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Old 04-07-2016, 03:40 PM
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Final K-1 Partnership basis

Sold my interest in partnership for $100 in 2015. Getting different answers from "pros" on liability (some say cap gains others say ordinary income others say dont know). Any help would be appreciated!!

K1:
From Partner Basis Worksheet:
Beg Adj Basis: 910,000
Share of Liab: 1,648,000
Unrealized Receivables (no payment received) 230,000

Beg Capital Account -2,035,000
Cap contributed during year 2,104,382
Current Year decrease -68,000

From my balancing of past k-1s income, losses, contributions:
Ending tax capital account -739,000 (yes big losses in earlier years)



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Old 04-08-2016, 05:45 PM
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Join Date: Oct 2010
Posts: 5,233
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Sold my interest in partnership for $100 in 2015. Getting different answers from "pros" on liability (some say cap gains others say ordinary income others say dont know). Any help would be appreciated!!=====>Basically it depends; it can be LTCG(LTCL) or ordinary gain(loss). The transferred
interest is treated like corporate stock. Thus, it is primarily considered to be a separate
intangible asset, rather than an undivided tenancy-in-common interest in the partnership
assetsHowever, there are several exceptions to this situation. As is the case on any asset's sale, the amount of your gain or loss on the
transfer of your interest is
the amount realized by you for the transfer of yourinterest which is in excess of, or less than, your adjusted basis in your ?outside basis, not inside basis.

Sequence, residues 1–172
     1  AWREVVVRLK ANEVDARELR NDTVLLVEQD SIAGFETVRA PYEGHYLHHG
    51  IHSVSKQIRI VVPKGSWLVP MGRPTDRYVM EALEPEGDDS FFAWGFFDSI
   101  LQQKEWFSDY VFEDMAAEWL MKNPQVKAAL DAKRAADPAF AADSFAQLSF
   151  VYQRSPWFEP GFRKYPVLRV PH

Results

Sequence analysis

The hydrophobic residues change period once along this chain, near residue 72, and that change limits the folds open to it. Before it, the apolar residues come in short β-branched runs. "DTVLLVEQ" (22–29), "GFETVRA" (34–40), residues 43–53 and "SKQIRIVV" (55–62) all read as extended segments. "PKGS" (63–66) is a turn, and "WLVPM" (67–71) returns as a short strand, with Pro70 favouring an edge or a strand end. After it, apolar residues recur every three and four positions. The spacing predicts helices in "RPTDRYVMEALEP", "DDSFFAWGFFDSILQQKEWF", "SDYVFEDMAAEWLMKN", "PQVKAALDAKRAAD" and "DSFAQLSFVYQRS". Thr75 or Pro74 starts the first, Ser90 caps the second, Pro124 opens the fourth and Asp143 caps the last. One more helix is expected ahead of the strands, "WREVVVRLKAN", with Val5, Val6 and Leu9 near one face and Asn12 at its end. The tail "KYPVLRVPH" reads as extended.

K1:
From Partner Basis Worksheet:
Beg Adj Basis: 910,000
Share of Liab: 1,648,000
Unrealized Receivables (no payment received) 230,000=====>I am not sure what your situation is however just for reference, aslongas any or if contributed property is subject to a debt or if your liabilities are assumed by the partnership, the basis of your interest is reduced (but not below zero) by the liability assumed by the other partners of the PS; your basis in the PS interest includes your share of the PS liability only if, and to the extent that, the liability creates or increases the PS's basis in any of its assets; Gives rise to a current deduction to the PS, or is a nondeductible, noncapital expense of the PS. unrealized receivables applies only to amounts that will ultimately be realized and recognized as ordinary income. If the PS uses the cash method of accounting, trade receivables from services or sales are unrealized receivables. If the partnership uses the accrual method, they are not. Unrealized receivables include receivables from the sales of ordinary income property and rights to payments for services. For some purposes, unrealized receivables also include ordinary recapture income that would arise if the PS sold its depreciable assets. Installment gains are unrealized receivables if the gain will be taxed as ordinary income when realized.


Beg Capital Account -2,035,000
Cap contributed during year 2,104,382
Current Year decrease -68,000======> Partnership and pass-through taxation is very a complicated and complex part of the tax code you have taken more in distributions than is in your capital account;so your final capital account on the K-1 is negative.

When your PS is liquidated, you may have credit balances in your capital account so called
no capital deficiency. Or you may have a debit balance in the capital account termed
a capital deficiency. you
leaving the ps with a negative capital account has income to the extent of the negativity, which you need to report on 1040 Line 21; A negative capital balance indicates there was no remaining basis in the outside basis and any distribution beyond $0 would be income to you and not a distribution of your investment: treated as capital gain or possibly a loss was allocated to your account and will have to be absorbed by the remaining partners upon liquidation of the PS. It could also mean that you will owe those partners for the negative basis that they will have to absorb on your behalf. You will need to review your PS agreement to determine how to handle this. Most agreements include a provision requiring partners with negative capital accounts to make sufficient contributions to zero them out on liquidation.



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